Even a Chipmunk Needs a Best Friend

My magician friend Jim uses doves in his show. He has a very nice air-conditioned workshop located behind his home were he builds quality magic illusions. In his workshop among many woodworking tools is a large dove cage. Jim loves animals and he takes extremely good care of his doves, and makes sure they’re happy. He spends time with each bird and gives them all plenty of exercise.

Jim explained to me that birds make a mess when they eat. He says they drop and scatter more birdseed than they eat. Their messy eating habits is the reason for keeping his birds in the workshop and not in his home.

It seems that there was also a little chipmunk that would make his way into Jim’s garage to eat the scattered birdseed that was on the garage floor outside the dove’s cage. Jim never tried to keep the chipmunk away. He would always say, “The chipmunk needs food too.” On accession the little chipmunk would get very brave and squeeze first his head and then his body through the bars until he was inside the cage with the doves and the main source of the birdseed. The little chipmunk would pack his jaws as full as he could get them with the birdseed. His checks would expand to be huge with the large amount of birdseed he’d collected. It was impossible for the chipmunk to get his head back through the bars and return to the safety of his home. The chipmunk had no clue as to why he couldn’t get out of the cage. He didn’t understand that if he would spit the birdseed out of his mouth he would then be able to squeeze back through the bars and go to the safety of his home. So, the chipmunk would just sits in the bottom of cage with the doves, dodging bird droppings, with his jaws all puffed out.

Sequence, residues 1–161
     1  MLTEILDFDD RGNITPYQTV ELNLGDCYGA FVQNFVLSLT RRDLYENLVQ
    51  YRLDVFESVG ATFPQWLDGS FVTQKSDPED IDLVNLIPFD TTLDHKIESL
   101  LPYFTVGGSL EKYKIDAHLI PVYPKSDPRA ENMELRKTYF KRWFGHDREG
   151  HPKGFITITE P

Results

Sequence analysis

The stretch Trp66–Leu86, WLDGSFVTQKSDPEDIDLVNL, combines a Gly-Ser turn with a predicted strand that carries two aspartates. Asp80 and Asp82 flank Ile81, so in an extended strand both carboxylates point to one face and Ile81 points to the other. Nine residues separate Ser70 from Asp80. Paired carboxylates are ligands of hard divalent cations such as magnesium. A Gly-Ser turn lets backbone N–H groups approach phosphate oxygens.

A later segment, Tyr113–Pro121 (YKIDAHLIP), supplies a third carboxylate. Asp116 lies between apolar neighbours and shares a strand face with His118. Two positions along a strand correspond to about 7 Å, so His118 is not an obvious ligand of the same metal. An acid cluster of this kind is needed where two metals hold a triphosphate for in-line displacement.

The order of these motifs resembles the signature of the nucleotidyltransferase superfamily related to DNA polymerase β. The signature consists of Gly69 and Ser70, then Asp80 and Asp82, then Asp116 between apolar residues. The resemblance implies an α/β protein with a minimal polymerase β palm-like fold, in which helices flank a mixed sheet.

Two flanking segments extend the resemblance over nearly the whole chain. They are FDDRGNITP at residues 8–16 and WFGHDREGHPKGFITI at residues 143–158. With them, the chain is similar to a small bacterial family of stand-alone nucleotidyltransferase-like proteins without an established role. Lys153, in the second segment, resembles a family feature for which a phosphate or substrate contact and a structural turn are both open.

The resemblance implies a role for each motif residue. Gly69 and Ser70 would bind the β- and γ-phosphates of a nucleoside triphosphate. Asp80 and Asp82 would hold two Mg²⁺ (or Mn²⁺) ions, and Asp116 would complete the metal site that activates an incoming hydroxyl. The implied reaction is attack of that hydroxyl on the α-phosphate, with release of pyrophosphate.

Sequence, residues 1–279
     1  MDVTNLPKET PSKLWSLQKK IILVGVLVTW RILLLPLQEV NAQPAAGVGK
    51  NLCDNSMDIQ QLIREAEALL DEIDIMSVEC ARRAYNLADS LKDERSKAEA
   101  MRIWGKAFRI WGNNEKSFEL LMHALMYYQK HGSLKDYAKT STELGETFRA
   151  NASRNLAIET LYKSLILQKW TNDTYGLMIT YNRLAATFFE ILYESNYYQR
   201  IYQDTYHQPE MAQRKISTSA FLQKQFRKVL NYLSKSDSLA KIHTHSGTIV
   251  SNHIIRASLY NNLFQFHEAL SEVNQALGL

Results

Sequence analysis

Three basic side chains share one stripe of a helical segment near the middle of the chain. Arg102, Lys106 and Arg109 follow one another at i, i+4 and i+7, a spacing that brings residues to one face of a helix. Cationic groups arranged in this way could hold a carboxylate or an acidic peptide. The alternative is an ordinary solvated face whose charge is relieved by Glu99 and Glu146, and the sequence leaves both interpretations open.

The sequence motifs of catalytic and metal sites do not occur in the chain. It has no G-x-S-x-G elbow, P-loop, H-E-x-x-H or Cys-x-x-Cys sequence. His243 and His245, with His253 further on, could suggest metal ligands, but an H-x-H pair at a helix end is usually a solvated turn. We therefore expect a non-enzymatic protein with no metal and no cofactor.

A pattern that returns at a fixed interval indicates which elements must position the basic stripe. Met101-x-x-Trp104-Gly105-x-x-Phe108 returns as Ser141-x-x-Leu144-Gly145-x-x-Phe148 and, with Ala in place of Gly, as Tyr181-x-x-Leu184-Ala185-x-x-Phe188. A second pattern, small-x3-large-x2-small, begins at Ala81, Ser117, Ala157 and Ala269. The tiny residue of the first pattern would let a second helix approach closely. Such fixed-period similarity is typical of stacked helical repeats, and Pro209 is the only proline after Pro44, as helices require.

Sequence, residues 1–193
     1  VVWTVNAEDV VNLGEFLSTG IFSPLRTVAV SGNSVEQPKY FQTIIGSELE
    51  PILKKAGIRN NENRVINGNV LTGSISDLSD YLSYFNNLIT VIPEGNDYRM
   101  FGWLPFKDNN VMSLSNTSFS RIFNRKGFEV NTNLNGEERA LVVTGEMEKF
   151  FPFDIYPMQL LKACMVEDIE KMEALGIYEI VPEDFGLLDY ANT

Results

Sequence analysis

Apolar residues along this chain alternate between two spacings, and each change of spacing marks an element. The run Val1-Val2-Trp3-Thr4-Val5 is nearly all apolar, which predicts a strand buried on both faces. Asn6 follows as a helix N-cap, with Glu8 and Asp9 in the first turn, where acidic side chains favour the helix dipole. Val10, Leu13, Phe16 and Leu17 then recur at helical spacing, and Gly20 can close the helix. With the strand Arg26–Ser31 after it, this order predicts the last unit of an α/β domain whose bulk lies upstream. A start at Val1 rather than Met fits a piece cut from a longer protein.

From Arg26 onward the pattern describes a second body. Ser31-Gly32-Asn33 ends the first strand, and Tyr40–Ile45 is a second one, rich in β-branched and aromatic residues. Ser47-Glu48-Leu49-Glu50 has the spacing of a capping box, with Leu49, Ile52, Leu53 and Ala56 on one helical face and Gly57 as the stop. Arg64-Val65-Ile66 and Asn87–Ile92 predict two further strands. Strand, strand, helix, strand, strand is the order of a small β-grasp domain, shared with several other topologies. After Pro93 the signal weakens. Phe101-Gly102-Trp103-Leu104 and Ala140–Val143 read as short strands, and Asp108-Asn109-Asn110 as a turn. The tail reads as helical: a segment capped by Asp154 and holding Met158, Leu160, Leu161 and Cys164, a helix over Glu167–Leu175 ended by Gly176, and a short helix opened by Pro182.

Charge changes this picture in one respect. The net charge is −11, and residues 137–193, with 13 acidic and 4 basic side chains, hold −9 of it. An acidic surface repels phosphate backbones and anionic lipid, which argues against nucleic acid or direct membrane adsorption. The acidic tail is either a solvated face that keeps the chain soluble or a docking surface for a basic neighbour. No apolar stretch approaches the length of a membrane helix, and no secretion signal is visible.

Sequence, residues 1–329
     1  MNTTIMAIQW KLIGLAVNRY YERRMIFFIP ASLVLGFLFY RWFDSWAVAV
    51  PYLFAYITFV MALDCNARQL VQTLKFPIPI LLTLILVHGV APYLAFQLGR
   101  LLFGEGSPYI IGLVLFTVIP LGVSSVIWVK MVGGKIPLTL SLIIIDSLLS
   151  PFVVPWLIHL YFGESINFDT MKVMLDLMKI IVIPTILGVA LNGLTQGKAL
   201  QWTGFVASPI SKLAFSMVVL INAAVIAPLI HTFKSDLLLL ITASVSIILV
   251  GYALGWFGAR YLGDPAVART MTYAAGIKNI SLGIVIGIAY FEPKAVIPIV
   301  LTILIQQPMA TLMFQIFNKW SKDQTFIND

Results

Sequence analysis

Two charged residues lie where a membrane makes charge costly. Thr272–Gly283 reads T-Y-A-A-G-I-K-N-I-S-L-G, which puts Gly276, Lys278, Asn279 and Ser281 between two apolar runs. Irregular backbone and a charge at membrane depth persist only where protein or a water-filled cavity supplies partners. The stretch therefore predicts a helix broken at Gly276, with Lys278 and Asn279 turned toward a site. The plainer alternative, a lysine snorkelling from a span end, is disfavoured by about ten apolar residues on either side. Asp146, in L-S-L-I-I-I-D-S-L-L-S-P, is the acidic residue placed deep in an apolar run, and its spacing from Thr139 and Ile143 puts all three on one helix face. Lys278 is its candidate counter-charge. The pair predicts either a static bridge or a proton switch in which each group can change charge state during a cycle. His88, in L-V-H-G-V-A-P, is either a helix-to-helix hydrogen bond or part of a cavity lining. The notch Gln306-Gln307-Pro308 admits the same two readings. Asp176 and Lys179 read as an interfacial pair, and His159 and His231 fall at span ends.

When Jim would notice the chipmunk sitting in the cage with his jaws puffed out he would reach inside, pick the chipmunk up, and place him on the floor. The chipmunk would take off running as fast as he could, and leave the workshop. Jim never worried about the chipmunk trying to bit him as he reached in the cage because the chipmunk’s mouth was full of birdseed and there was no way he was going to spit it out. Every few days, Jim would find the little chipmunk looking up at him from the inside of the birdcage with his little jaws as full and puffed out as big as they could be. Jim would pick him up, place him on the garage floor, and the chipmunk would be on his way.

Just like a hungry little chipmunk we are often the creator of the unpleasant situation we’re experiencing. That’s when we need a best friend, like Jim, to reach in, pick us up, and set us free.

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